International ETFs Suffer as US Stocks Plunge

International ETFs, especially emerging market ETFs, have been generous to investors in the past couple of years (remember the good “old” days of high-flying Chinese stocks?). However, things turned a little bit sour since the financial crisis triggered by subprime mortgage in the summer of 2007. On surface, the trouble here in this country seems affecting developed countries, such as U.K. and Switzerland, whose banks were exposed in this mess. But the suffer is not just limited in the developed world. Developing markets also took a hit as the slowed U.S economy tempered the demands from these countries.

In a little over a month, this crisis will be one year old. In the past year, the Dow lost 10.8%, the S&P dropped 11.9%, and the NASDAQ did a little better, downing 6.4%. Looking around the world, where’s the place for U.S. investors to put their money? The following table has performances of iShares MSCI individual country ETFs of the past 1 year, 3 years, and so-far this year.

Fund Name YTD return(%) 1-yr return(%) 3-yr return(%)
FTSE/Xinhua China 25 Index (FXI) -18.84 19.92 37.69
Australia Index (EWA) -6.00 0.97 20.59
Austria Index (EWO) -1.08 -7.02 18.13
Belgium Index (EWK) -8.03 -15.56 11.33
Brazil Index (EWZ) 12.54 55.23 59.85
Canada Index (EWC) 5.76 15.39 25.67
Chile Index (ECH) 1.28 N/A N/A
France Index (EWQ) -8.75 -7.21 14.47
Germany Index (EWG) -10.81 0.67 22.58
Hong Kong Index (EWH) -17.05 10.52 17.03
Israel Cap Invest Mkt Index (EIS) N/A N/A N/A
Italy Index (EWI) -12.08 -12.39 8.53
Japan Index (EWJ) -2.33 -9.46 9.52
Kokusai Index (TOK) -7.53 N/A N/A
Malaysia Index (EWM) -14.22 -4.78 19.81
Mexico Index (EWW) 6.66 -2.49 33.13
Netherlands Index (EWN) -7.08 -3.28 18.09
Singapore Index (EWS) -7.61 -3.36 23.17
South Africa Index (EZA) -9.32 -2.81 21.36
South Korea Index (EWY) -14.79 -7.42 19.67
Spain Index (EWP) -7.89 3.41 22.29
Sweden Index (EWD) -3.94 -12.58 16.52
Switzerland Index (EWL) -4.31 -3.11 15.02
Taiwan Index (EWT) 1.73 4.49 9.99
Thailand Invest Mkt Index (THD) N/A N/A N/A
Turkey Invest Mkt Index (TUR) N/A N/A N/A
United Kingdom Index (EWU) -9.80 -10.92 10.34

Brazil, whose economy is boosted by the booming commodity markets, is the clear winner here in all three periods. Biggest lowers are China and Hong Kong.

Are you investing in any individual country? I have PowerShares Gloden Dragon Halter USX China (PGJ) and for once, it was a great ETF to own, riding high with Chinese stocks. While investing in single county (the right country of course) can have tremendous result, it can also be very volatile. A better choice could be investing in a block of countries such as BRIC instead.

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9 Responses to “International ETFs Suffer as US Stocks Plunge”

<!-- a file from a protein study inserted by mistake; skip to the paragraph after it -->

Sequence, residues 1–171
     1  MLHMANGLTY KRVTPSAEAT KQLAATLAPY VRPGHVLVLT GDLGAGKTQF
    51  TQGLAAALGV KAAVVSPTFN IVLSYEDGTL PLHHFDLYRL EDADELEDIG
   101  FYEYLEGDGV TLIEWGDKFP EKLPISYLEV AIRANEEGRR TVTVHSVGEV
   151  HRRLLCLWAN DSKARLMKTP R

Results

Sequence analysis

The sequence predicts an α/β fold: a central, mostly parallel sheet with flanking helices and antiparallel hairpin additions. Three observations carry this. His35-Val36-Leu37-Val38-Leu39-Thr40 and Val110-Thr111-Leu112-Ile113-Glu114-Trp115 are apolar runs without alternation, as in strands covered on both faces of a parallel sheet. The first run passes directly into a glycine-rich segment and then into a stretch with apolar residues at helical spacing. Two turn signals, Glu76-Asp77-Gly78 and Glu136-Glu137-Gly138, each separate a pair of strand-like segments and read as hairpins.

1. Jonathan |  Jun 18, 2008 at 2:19 am

    Any opinion on what will happen to China ETFs once the Olympics start?

  2. Sun |  Jun 20, 2008 at 1:00 am

    Jonathan: I don’t think China ETFs have anything to do with the Olympics. There were predictions before that China’s economy will collapse after the game. I think Someone will be fool to believe such predictions.

    If you look at what happened to the Chinese stock market since last summer, you can see that the huge drop in the Shanghai stock index has a lot to do with investor sentiment and policies, rather than the fundamentals of the economy. When you have even a small portion of 1.3 billion people buy stocks, it’s enough to push the stock market up like crazy.

    China’s economy is still growing at 10+% annual rate, but small investors no longer see the stock market as the guaranteed way to get rich quickly after the government started to curb the crazy stock market last fall. Chinese stocks, as well as stocks traded in Hong Kong, peaked in last October because the government hinted in the summer that it will allow mainland investors to buy directly stocks listed in Hong Kong to diverse the money, but later changed its mind to postpone such plan indefinitely. I guess the government realized at that time that this won’t be a good idea because it can only artificially inflate the Hong Kong market. Both markets started fall and continued to fall after the government started to require banks to increase their reserves to battle inflation.

    Most small investors in China don’t see the stock market as the place to build wealth slowly. Rather they see it as a way to make quick money. They can enter the stock market all together, and they can also leave it all together. Right now, nobody wants to buy stocks any more. But then the stock market is functioning more normally.

    I don’t think the Olympics will change anything in terms of performances of stocks. If there’s any connection, then the market should go up now instead of losing some 60% in a little over half a year. If China’s economy can keep going at 10%, then we should still buy Chinese stocks and ETFs :)